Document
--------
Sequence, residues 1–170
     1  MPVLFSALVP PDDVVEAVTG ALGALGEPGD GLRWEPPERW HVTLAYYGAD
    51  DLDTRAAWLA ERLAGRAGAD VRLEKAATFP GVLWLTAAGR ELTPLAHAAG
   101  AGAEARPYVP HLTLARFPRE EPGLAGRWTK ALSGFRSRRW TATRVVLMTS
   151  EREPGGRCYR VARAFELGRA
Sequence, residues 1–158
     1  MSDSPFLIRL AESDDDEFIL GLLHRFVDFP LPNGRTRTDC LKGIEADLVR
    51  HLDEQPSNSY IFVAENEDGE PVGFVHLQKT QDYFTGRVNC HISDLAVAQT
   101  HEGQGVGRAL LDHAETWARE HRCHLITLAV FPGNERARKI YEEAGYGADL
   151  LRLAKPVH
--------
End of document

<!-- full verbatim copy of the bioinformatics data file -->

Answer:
Sequence, residues 1–170
     1  MPVLFSALVP PDDVVEAVTG ALGALGEPGD GLRWEPPERW HVTLAYYGAD
    51  DLDTRAAWLA ERLAGRAGAD VRLEKAATFP GVLWLTAAGR ELTPLAHAAG
   101  AGAEARPYVP HLTLARFPRE EPGLAGRWTK ALSGFRSRRW TATRVVLMTS
   151  EREPGGRCYR VARAFELGRA
Sequence, residues 1–158
     1  MSDSPFLIRL AESDDDEFIL GLLHRFVDFP LPNGRTRTDC LKGIEADLVR
    51  HLDEQPSNSY IFVAENEDGE PVGFVHLQKT QDYFTGRVNC HISDLAVAQT
   101  HEGQGVGRAL LDHAETWARE HRCHLITLAV FPGNERARKI YEEAGYGADL
   151  LRLAKPVH